The rubber met the road at Week 4 of Canterbury College.
After three weeks of learning how to read a racing form and dissecting that information, we got into betting during the March 25 class.
I’m Kris Janisch, a rookie horseplayer who has been taking Canterbury Park’s free five-week handicapping course. Find previous installments of the blog:
(Note: Registration for the current series of Canterbury College is closed. However, Canterbury Park will offer one-day classes for a small fee, which includes Race Day admission, once the live racing season begins. Details to come.)
Preferred Bets for PA and BA
One thing has become clear over the course of Canterbury College: two of our professors, track announcer Paul Allen and paddock analyst Brian Arrigoni, like to pick winners.
That might seem obvious, but it matters when it comes to the types of wagers they prefer. Instead of trying to structure their bets vertically — picking the top two, three or four horses in a single race — they would rather create horizontal wagers, which is picking the winner in three, four or five consecutive races. These are known as Pick 3s, Pick 4s and Pick 5s.
Allen talked about getting a group of friends together to make several such bets, spreading out the risk and increasing the chances of making a big score.
“There are several ways to skin the proverbial cat,” he said.
For Daily Doubles, Pick 3s, Pick 4s and Pick 5s, there are certain strategies horseplayers can use, Arrigoni said.
If you identify legitimate favorites, those are fine to use in a horizontal wager. But at some point, “you have to take a stand,” Arrigoni said, and pick a non-favorite or longshot in one of those races. Most people will be picking the odds-on horses, so identifying vulnerable favorites is essential.
In a Pick 4 example, you might end up choosing two horses to win in Race 1, three in Race 2, three horses Race 3 and one in Race 4. You multiply 2 X 3 X 3 X 1 to get 18, and at 50 cents each the cost of that bet is $9.
Or, Arrigoni said, you can get a few people together to make a $200 wager, potentially hit a longshot and cash in for $10,000.
Allen also noted that the Pick 5 Jackpot at Canterbury Park will return this year. If there are no winners, a portion of the pot carries over and the jackpot grows larger.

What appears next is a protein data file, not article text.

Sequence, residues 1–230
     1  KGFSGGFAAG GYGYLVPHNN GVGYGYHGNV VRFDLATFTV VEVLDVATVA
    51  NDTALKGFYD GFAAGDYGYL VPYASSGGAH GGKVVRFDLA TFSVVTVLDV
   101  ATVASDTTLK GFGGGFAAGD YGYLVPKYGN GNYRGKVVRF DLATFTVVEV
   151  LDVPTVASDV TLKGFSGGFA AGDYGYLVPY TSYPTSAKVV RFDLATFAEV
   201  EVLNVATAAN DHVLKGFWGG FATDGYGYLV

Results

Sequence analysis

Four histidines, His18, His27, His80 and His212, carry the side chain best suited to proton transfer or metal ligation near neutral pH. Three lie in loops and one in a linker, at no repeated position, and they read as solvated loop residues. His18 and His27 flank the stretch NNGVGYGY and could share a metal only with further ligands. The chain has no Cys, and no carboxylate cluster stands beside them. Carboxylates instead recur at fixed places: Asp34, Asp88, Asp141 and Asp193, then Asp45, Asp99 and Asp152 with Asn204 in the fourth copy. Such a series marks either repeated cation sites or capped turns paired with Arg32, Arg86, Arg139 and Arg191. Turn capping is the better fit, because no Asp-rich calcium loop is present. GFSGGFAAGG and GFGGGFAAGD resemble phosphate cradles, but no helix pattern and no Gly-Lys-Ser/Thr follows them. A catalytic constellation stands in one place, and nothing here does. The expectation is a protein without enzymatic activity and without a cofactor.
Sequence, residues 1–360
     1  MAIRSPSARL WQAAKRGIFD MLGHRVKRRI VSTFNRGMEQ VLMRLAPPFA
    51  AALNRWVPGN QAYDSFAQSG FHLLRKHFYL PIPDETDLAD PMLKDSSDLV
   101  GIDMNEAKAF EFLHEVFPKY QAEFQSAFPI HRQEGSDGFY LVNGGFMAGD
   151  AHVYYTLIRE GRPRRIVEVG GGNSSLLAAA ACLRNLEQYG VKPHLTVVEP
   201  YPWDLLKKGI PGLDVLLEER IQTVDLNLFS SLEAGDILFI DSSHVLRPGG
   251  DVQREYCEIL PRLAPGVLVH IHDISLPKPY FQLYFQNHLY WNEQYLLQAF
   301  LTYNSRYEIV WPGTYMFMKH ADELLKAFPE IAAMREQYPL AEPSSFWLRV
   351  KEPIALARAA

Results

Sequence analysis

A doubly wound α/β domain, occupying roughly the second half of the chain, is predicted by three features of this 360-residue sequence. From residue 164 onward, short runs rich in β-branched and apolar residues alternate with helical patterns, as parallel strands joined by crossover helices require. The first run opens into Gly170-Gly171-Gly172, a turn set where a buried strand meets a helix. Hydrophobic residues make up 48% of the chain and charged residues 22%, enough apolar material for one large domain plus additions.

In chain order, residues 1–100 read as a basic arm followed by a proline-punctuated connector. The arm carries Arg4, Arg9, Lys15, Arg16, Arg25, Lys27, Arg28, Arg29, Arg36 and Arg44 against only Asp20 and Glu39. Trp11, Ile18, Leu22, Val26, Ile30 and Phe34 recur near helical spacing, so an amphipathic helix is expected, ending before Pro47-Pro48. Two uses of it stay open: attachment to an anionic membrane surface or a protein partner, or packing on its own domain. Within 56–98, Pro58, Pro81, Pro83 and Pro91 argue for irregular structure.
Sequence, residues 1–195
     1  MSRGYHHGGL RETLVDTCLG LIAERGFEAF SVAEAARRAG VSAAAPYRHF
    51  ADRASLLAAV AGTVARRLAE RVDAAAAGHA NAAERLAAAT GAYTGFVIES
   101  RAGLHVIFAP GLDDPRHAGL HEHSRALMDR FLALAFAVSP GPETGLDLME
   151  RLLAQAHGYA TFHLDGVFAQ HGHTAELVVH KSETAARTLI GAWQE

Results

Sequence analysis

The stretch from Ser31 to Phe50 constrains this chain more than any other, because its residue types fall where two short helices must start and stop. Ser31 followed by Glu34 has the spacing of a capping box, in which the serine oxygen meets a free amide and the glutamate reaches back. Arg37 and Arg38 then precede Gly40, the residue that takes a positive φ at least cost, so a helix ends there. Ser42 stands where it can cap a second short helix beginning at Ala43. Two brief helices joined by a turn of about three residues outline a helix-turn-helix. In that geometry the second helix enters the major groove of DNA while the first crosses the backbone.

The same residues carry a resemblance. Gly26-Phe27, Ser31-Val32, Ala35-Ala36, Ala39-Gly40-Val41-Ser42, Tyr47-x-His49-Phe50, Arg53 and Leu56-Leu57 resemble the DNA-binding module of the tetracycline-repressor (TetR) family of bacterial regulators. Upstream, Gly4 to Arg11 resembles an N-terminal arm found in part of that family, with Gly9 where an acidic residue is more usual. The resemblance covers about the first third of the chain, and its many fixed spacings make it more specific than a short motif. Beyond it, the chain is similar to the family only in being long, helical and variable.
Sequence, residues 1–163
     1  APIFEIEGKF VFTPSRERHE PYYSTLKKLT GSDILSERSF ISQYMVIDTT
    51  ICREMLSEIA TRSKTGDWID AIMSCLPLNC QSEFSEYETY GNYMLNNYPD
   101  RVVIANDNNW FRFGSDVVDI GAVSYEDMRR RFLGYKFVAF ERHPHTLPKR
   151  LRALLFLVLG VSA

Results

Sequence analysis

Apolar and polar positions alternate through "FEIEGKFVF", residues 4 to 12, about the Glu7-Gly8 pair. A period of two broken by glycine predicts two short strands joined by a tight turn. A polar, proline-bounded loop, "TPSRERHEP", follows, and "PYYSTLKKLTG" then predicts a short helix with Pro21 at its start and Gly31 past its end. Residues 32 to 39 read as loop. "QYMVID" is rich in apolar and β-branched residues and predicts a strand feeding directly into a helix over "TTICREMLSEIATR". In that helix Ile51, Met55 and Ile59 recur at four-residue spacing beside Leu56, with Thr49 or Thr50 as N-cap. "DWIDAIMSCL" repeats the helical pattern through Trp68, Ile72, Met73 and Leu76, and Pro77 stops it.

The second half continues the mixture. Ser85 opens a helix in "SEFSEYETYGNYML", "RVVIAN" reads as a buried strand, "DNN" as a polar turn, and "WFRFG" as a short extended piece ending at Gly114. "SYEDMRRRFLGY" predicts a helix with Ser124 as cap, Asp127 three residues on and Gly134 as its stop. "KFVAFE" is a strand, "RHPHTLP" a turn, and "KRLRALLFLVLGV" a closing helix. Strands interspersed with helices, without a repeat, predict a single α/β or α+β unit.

“It can hit six figures,” Allen said.
Analyzing the Races
A week after thinking I was getting better at selecting winning horses, I was a bit dismayed to have a hard time handicapping our first simulcast race, at Gulfstream Park.
Still, it looked like the favorite, The Accuser, should win. But with the odds at 6-5, it wouldn’t make sense to bet the horse, Arrigoni said.
But in a Pick 4 situation, it could be a good race to take a stand against the favorite, Arrigoni said. If 75 percent of other Pick 4 players were using The Accuser in that race, it might be an opportunity to select another horse (or horses) and knock out the other bettors in the same Pick 4.
Allen and Arrigoni said they would have used the 2 and the 5 horse in a Pick 4, rather than the favorite. Props to them, because both those horses finished ahead of The Accuser, which came in third.
If you really like a favorite, it’s fine to use that horse in a horizontal wager, but at the same time it has to make sense in relation to the odds, and sometimes “you have to get creative,” Arrigoni said.
While our professors prefer horizontal wagers, we did discuss vertical bets (single-race bets), as well. Specifically:
- Exacta, picking the top two finishers in order
- Trifecta, picking the top three finishers in order
- Superfecta, picking the top four finishers in order
You can also “box” these bets. That means the horses you pick to finish at the top of the race can end up in any order among the top two, three or four, depending on the bet.
Superfectas can be exciting to play, Allen said, noting that he has seen 10 cent wagers hit for $180.
They are an inexpensive way to enjoy betting on horse racing, for example putting together a boxed superfecta for $2.40, Arrigoni said.
“You can have a lot of fun with superfectas,” he said.
But Allen cautioned during our second simulcast race, at Fair Grounds, that you have to be aware of the odds you’re getting on vertical wagers. The exacta that hit on our second race only paid 8-5, and you might be better off not betting it.
At Canterbury College, we have three hours to look over our racing forms and experts whose brains we can pick as we try to deduce what will happen in a given race.
When you’re planning to come to Canterbury Park on race day, however, you should take some time beforehand to study up and have a plan in place.
“It is essential,” Arrigoni said.
Those 20 minutes between races can go quickly, and by having a game plan you will feel less stressed and have a more enjoyable day at the track, he said.
There is a “vast” wagering menu at Canterbury Park, and getting ready before you hit the track will minimize the work you have to do between races, Allen said.
“Developing a pre-race plan is a fantastic idea,” he said.
Canterbury College: Week 5
Next week will be the last for this session of Canterbury College.
I can’t wait to put my knowledge to the test when the live racing season opens at Canterbury Park on May 4!